Emilie and Lorenz's Church
My Cajun Series begins with an Acadian (Cajun) family being expelled from their home in the Maritime Provinces of Canada, now Nova Scotia. These Acadians were put on ships and sent throughout the 13 Colonies, England, France and the Caribbean, and many found their way to Louisiana.
In "Emilie," the first book in the series, the Gallant family is first sent to Maryland. Then, upon hearing of Acadians in Louisiana, they head for the colony and hope to join other Acadians settled on the east bank of the Mississippi River in the what was then called the “Coast of Iberville,” in Iberville Parish. It is here near Bayou Manchac that a Catholic parish was established around 1767 and a church built from neighboring cypress swamps. The church steeple was gifted to the St. Gabriel Catholic Church from the queen of Spain in 1770 (Louisiana was under Spanish rule at the time).
Without giving too much away, the church plays a part in Emilie Gallant and Lorenz Dugas's story.
“The residents of Spanish Manchac were taxed one and a half piastres for each front arpent of land they held to help build the church, and they also helped with construction,” wrote Mary Ann Sternberg in "Winding Through Time: The Forgotten History and Present-day Peril of Bayou Manchac." “Under the leadership of Louis LeConte, the selected contractor, the church of San Gabriel de Manchac was completed in August 1776. The simple Creole-style building of native cypress consisted of a small interior sanctuary, sixty feet by thirty-three and a half feet, surrounded on all sides by a dirt floored exterior gallery.”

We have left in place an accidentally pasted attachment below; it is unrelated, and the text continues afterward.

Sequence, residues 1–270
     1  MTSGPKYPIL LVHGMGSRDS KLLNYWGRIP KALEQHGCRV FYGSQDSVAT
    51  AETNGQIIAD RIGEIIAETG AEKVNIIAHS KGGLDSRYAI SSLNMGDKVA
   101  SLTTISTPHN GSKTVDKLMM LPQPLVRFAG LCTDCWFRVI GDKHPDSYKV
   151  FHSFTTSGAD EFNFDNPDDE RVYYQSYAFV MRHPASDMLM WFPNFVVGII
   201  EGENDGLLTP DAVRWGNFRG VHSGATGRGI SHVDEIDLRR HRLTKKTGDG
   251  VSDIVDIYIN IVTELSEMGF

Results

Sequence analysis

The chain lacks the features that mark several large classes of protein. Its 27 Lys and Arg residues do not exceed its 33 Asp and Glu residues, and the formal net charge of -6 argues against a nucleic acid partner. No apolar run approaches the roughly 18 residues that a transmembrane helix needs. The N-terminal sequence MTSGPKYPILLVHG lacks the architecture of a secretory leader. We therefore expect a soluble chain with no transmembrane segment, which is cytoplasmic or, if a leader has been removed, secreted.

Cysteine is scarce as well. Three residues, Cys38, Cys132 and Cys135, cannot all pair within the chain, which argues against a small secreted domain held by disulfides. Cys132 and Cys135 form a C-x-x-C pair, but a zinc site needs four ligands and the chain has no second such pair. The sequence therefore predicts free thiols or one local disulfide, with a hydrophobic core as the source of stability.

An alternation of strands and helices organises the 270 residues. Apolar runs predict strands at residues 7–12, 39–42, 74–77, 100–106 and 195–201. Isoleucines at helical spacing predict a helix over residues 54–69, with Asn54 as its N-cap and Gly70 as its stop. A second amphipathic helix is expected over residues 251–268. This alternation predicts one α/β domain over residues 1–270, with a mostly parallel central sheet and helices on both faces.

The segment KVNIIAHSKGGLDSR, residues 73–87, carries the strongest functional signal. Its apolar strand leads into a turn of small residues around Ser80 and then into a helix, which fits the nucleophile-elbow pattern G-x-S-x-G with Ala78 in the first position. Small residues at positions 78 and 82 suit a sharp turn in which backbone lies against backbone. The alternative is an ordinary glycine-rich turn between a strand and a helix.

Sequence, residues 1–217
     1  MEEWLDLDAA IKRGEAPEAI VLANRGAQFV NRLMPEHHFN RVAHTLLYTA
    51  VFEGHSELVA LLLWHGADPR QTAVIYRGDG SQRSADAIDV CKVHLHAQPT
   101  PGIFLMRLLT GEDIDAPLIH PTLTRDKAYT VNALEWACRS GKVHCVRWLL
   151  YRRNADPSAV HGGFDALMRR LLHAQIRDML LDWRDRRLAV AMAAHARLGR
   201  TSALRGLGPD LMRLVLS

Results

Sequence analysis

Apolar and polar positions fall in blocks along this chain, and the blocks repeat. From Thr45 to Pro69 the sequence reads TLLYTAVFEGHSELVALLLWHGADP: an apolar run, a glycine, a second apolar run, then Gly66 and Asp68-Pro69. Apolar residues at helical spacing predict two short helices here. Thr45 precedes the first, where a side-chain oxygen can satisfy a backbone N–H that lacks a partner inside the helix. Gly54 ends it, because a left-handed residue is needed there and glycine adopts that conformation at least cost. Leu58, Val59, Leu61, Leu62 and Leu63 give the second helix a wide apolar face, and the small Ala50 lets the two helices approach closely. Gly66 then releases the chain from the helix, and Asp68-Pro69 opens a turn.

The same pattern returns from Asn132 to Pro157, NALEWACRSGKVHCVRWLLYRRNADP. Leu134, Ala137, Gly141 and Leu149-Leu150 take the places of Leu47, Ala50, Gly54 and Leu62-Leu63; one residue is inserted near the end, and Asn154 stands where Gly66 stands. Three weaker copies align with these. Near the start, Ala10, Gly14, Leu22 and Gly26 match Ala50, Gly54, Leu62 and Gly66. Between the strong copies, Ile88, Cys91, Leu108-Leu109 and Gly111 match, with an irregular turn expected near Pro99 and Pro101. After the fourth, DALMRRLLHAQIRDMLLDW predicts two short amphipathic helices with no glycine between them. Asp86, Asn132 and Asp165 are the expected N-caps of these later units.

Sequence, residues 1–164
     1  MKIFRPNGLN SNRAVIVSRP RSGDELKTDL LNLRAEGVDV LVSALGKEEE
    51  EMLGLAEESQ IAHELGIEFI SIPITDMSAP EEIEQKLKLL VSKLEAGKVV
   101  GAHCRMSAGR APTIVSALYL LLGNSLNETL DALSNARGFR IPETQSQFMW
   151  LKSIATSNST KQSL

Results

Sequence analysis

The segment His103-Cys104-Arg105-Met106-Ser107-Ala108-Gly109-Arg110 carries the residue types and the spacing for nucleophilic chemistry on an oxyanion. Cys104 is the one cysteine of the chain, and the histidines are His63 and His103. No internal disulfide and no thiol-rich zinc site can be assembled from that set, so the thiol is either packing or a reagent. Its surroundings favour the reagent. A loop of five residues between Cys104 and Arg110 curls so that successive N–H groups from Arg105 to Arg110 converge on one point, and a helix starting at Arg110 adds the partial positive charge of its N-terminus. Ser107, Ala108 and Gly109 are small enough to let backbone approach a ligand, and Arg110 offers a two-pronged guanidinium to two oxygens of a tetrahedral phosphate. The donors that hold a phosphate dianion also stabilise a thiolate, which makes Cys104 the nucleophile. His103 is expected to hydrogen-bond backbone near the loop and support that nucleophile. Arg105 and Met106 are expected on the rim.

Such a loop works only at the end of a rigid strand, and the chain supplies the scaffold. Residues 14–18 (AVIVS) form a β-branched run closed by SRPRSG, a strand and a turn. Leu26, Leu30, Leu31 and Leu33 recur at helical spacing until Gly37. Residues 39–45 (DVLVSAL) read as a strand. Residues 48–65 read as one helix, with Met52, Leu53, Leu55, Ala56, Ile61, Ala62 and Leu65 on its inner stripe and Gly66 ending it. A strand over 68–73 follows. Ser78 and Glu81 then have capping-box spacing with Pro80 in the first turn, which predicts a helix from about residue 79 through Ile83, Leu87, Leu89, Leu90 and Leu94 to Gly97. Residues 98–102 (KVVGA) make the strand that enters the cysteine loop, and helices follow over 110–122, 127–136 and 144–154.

St. Gabriel Catholic Church is believed to be one of the oldest churches in Louisiana, with the original bones of the first church concealed beneath the present façade. The church bell was cast in Spain in 1771 and remains in the church steeple today. In the rear of the property lies a cemetery containing many graves of pioneering Acadians.